The team of researchers from the Nicholas Copernicus University in Toruń found that the body in the village of Pień had a sickle placed over its neck, which they say would have been to prevent her from returning to mortality, and a padlock on the big toe of her left foot.
Belonging to the Polish saint Władysław I the Holy, the bones were discovered in an ossuary in Bory Castle in Székesfehérvá.
Though the exact figure remains unknown, it is thought that anything between 40,000 tons to 100,000 tons of potential pollutants could lie at the bottom of the Baltic, including mines, barrels of chemical waste, and bombs.
The grim discovery of around 17.5 tons of human ashes were made near the former Soldau concentration camp, which is now the town of Działdowo by the Institute of National Remembrance.
The desecrated memorial site in the village of Kaczycze, in the Grodno region of Belarus, was the final resting place for 89 Polish Home Army (AK) soldiers killed during a battle against Soviet NKVD forces near Raviny, Belarus, in January 1945.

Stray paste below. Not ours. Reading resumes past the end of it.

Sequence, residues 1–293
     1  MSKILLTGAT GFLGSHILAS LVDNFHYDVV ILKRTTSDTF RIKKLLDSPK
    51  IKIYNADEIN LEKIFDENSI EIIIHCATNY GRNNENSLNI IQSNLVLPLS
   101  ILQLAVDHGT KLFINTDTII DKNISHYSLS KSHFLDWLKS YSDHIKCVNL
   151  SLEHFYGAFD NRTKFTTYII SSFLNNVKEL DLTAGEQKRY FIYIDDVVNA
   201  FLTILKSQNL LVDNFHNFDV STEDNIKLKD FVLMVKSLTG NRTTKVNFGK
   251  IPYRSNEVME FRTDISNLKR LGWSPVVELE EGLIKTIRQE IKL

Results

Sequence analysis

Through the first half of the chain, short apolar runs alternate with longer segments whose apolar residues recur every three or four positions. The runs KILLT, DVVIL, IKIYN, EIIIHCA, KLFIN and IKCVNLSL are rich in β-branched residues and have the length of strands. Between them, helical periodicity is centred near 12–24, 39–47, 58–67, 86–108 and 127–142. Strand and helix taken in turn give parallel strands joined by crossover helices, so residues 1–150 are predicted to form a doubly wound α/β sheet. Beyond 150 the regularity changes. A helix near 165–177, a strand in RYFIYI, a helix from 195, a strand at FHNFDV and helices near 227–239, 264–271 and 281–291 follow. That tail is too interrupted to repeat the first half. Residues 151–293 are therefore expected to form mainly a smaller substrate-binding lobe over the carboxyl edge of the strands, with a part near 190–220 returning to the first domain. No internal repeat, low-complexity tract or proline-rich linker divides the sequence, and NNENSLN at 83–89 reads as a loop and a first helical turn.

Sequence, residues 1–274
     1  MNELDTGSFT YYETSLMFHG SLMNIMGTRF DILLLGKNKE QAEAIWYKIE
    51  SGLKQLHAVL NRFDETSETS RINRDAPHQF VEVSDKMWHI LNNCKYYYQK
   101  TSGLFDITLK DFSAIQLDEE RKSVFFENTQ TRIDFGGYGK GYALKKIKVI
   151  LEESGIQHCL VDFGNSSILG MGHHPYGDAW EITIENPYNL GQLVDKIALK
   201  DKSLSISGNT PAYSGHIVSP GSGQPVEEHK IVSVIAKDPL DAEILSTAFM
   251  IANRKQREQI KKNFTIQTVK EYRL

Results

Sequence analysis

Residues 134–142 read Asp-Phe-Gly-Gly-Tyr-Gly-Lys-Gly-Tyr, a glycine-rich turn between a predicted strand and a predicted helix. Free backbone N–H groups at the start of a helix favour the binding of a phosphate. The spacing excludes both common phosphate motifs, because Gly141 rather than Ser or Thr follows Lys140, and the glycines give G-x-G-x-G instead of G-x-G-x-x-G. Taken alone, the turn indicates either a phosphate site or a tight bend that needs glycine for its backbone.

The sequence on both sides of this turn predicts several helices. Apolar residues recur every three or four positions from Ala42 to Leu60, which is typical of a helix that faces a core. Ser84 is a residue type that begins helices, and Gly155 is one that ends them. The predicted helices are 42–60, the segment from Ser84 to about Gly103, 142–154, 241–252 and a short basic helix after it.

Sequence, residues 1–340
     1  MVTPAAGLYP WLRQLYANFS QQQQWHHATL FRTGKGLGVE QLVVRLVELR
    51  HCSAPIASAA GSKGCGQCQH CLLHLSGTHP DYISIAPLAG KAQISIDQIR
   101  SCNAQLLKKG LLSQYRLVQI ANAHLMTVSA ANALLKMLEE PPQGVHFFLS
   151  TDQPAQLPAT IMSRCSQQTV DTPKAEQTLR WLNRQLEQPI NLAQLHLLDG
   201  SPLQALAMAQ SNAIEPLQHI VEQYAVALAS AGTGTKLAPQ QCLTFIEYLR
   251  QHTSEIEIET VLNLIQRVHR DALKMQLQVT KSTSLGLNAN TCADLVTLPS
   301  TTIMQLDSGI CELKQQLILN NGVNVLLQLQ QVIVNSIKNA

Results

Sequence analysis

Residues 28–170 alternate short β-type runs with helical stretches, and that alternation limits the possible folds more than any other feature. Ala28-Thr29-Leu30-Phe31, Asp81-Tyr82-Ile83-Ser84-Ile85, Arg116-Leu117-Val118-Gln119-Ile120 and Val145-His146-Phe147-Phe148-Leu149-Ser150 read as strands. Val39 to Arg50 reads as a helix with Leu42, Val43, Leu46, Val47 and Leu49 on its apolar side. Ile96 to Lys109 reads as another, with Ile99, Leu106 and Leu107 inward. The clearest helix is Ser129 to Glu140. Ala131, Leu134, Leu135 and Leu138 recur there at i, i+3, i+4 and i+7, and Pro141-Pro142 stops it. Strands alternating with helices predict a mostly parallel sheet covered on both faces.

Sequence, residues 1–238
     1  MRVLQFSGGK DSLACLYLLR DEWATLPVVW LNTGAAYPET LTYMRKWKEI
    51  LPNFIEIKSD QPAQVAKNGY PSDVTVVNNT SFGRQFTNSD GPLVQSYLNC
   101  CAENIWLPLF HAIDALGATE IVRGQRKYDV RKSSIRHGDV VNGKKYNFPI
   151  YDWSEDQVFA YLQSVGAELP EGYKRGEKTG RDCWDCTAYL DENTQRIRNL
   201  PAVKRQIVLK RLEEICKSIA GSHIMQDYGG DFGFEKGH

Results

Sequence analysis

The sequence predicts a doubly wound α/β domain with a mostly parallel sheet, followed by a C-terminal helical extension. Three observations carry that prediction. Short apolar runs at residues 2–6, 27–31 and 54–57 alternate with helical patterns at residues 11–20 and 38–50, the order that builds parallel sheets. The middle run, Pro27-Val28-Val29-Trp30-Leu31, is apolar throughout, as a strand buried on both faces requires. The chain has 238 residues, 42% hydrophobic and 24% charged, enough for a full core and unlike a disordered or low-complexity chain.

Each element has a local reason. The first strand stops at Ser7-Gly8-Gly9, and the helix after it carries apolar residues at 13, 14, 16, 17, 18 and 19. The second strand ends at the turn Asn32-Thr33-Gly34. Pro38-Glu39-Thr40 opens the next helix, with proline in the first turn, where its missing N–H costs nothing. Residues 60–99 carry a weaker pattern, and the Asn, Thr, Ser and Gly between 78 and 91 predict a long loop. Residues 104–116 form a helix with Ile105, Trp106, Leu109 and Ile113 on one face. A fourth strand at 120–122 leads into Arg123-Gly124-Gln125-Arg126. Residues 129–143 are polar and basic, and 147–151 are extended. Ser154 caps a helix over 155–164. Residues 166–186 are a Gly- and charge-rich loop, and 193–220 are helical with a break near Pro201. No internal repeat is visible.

Murdered by communists in Lublin Castle in 1949, the whereabouts of Henryk Wieliczko’s body remained unknown for six decades.
Piotr Włodarczak from the Institute of Archeology and Ethnology of the Polish Academy of Sciences said the remains of the men, which are significantly taller than earlier finds, most likely belonged to people who arrived from the steppes of southern Russia or Ukraine.
Dinosaur specialists are hailing the find at the most spectacular dinosaur discovery ever in Poland, the biggest of its type in Europe and possibly the world.
Specialists say the 200-million-year-old fossils are the most spectacular dinosaur discovery ever made in Poland, the biggest of its type in Europe and possibly the world.
The discovery which included bits of the soldier’s uniform, a bayonet and ammunition holders was made during digging works beside railway tracks in the town of Nowa Sucha near Sochaczew.